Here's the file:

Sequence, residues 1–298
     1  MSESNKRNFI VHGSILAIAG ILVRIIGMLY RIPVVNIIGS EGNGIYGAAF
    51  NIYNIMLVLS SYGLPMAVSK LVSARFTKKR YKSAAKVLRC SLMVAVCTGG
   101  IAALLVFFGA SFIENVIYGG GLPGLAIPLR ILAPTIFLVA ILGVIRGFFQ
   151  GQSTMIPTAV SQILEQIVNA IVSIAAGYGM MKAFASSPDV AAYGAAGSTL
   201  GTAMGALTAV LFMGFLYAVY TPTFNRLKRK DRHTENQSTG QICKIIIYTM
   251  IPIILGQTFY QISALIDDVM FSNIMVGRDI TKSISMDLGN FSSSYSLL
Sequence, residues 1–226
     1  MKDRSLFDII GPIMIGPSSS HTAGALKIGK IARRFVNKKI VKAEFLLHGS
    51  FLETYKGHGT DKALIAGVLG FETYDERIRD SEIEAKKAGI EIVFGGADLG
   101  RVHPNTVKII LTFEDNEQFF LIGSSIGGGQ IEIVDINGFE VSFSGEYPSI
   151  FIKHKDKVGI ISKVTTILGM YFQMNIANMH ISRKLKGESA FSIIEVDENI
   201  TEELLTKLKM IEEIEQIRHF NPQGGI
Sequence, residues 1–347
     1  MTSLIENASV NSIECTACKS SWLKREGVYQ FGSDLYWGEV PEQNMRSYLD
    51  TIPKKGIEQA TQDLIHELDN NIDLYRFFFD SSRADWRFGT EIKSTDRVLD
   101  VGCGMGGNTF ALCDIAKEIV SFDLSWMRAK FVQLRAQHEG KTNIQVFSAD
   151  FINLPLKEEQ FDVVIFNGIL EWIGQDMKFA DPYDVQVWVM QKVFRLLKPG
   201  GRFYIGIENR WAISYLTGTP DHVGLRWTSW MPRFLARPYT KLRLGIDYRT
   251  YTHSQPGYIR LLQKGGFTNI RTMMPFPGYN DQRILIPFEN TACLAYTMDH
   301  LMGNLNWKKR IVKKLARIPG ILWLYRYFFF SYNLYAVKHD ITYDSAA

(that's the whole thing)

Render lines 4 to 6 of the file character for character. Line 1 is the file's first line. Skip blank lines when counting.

   101  IAALLVFFGA SFIENVIYGG GLPGLAIPLR ILAPTIFLVA ILGVIRGFFQ
   151  GQSTMIPTAV SQILEQIVNA IVSIAAGYGM MKAFASSPDV AAYGAAGSTL
   201  GTAMGALTAV LFMGFLYAVY TPTFNRLKRK DRHTENQSTG QICKIIIYTM